Another reason to love their menu is that they list out the vegetarian, vegan, and gluten free items. And, there are enough of them to make it worth the trip.

What We Ate

I had the caprese eggs Benedict. It starts with the standard multi-grain English muffin, but tops it with tomato, basil, mozzarella, poached eggs (two of them), balsamic reduction, and hollandaise. The eggs were done to my perfection—drizzling, gooey yolk with a firm exterior. This dish made me wonder why caprese salads don’t come with eggs on top.

My friend had the Irish skillet which comes in the actual skillet (I do appreciate truth in advertising.) It’s exactly what you would expect it to be—corned beef hash, onions, peppers, cheddar cheese, and two eggs exactly how you like them to be served. Pretty good and pretty gluten free.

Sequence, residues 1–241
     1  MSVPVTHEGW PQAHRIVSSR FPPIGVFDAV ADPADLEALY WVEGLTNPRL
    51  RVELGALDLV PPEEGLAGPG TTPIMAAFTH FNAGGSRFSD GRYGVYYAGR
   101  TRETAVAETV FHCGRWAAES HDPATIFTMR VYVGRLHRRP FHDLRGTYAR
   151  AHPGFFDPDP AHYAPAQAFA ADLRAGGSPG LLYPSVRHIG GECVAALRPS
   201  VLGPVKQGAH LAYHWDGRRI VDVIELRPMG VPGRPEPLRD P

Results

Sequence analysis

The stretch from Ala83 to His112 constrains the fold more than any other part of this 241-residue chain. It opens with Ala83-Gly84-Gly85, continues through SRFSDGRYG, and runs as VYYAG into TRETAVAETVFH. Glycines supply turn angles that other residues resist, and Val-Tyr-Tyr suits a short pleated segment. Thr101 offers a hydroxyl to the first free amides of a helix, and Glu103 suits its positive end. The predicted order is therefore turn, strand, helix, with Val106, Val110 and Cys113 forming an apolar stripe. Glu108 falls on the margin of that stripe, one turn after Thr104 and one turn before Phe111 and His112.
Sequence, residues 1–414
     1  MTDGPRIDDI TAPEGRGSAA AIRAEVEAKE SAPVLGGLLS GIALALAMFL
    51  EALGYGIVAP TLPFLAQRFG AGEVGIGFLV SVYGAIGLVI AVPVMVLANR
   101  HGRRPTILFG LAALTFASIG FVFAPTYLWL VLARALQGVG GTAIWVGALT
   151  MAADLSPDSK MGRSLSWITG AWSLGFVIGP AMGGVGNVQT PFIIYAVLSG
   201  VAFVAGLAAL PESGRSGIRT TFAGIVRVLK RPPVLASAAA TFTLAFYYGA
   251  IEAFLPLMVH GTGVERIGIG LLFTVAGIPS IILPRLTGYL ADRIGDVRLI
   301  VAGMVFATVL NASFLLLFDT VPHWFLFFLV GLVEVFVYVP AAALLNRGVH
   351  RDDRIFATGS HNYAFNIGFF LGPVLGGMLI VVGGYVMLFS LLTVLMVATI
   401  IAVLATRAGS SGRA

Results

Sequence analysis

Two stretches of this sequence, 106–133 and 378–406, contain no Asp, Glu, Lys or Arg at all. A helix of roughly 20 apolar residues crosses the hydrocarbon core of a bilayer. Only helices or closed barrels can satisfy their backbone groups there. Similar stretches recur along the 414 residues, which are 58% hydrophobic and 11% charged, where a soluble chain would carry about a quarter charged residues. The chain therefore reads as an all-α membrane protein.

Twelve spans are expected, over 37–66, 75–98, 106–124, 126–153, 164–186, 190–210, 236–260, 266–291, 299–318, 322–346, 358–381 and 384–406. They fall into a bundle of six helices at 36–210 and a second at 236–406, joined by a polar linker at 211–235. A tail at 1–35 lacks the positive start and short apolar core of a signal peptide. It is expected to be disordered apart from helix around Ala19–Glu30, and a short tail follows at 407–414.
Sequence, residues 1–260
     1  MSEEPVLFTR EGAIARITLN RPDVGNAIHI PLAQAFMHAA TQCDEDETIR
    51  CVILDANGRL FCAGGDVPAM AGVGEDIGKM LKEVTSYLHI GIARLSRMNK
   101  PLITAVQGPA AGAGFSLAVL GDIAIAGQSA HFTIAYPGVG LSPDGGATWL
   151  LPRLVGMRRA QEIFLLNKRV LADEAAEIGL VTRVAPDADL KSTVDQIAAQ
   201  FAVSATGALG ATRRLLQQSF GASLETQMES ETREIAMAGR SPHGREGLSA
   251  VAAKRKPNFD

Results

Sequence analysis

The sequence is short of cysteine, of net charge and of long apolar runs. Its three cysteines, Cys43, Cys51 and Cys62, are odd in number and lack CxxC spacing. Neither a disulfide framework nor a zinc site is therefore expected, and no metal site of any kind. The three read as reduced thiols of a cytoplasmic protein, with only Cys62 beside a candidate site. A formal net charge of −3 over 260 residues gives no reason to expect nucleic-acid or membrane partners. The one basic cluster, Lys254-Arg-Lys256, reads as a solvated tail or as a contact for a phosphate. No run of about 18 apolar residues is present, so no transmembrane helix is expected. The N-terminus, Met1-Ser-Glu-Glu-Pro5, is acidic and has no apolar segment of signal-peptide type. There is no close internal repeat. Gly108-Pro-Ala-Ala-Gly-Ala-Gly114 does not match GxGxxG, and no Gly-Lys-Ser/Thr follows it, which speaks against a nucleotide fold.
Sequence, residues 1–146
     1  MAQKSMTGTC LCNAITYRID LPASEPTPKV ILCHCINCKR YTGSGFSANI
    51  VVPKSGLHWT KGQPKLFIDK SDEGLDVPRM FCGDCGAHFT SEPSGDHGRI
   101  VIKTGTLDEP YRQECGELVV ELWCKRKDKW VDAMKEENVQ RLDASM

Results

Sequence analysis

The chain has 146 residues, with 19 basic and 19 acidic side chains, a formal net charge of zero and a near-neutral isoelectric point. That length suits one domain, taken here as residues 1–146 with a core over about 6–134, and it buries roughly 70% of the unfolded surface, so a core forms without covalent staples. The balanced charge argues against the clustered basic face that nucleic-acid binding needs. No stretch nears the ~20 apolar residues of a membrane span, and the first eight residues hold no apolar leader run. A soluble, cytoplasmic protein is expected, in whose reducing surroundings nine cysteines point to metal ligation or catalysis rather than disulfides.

My sister had the achiote chicken chilaquiles. The dish arrives in a skillet as well but this time has a tortilla, eggs, charred tomato salsa, avocado, and the chicken. Also gluten free and completely annihilated by the end of brunch.

Finally, Mr. Moo had a multigrain bagel and good portion of my potatoes. (The kid loves his carbs.)

Next time I go, I’m definitely trying the sweet potato hash as well as the ginger snap pancakes.

What We Drank

My lovely dining companions had few breakfast cocktails. And, despite what you people may think, I’m not a complete drunk around my child. I went with coffee. Loads and loads of coffee. Because let’s be honest, if I’m not drunk I need to be heavily caffeinated. (I jest! I really jest.)

Location: 1846 W. Division. On Sundays, they have free parking across the street. I told you, you could be hip and still have your baby with you.